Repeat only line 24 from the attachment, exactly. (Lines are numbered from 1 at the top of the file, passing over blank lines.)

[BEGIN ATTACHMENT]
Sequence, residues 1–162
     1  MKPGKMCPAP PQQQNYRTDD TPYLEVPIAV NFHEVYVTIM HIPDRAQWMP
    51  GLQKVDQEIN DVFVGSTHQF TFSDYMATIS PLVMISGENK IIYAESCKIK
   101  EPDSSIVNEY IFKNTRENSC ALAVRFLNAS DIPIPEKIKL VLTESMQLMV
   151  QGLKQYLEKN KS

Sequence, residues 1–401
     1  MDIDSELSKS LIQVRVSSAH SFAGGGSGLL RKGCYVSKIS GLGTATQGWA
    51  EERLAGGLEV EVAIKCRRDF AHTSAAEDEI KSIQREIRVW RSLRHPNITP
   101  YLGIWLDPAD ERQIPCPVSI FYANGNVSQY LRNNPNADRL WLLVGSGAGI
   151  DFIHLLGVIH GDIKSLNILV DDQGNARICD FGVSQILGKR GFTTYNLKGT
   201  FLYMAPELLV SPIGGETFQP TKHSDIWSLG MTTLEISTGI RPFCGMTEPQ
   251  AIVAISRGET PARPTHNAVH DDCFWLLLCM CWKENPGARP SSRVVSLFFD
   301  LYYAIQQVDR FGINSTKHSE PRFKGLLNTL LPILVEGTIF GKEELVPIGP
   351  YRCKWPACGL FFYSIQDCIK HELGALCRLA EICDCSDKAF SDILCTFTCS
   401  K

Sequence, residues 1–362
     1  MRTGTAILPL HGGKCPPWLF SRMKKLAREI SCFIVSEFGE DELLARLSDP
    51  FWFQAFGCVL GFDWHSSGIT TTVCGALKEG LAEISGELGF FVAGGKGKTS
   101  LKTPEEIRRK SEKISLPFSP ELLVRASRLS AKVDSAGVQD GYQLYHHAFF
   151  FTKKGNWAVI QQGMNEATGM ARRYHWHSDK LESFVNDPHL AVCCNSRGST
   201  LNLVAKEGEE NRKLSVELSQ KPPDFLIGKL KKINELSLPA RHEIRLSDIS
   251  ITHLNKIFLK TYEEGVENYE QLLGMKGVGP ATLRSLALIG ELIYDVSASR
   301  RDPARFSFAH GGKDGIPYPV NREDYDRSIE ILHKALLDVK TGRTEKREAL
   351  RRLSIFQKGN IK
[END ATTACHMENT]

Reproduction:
   351  RRLSIFQKGN IK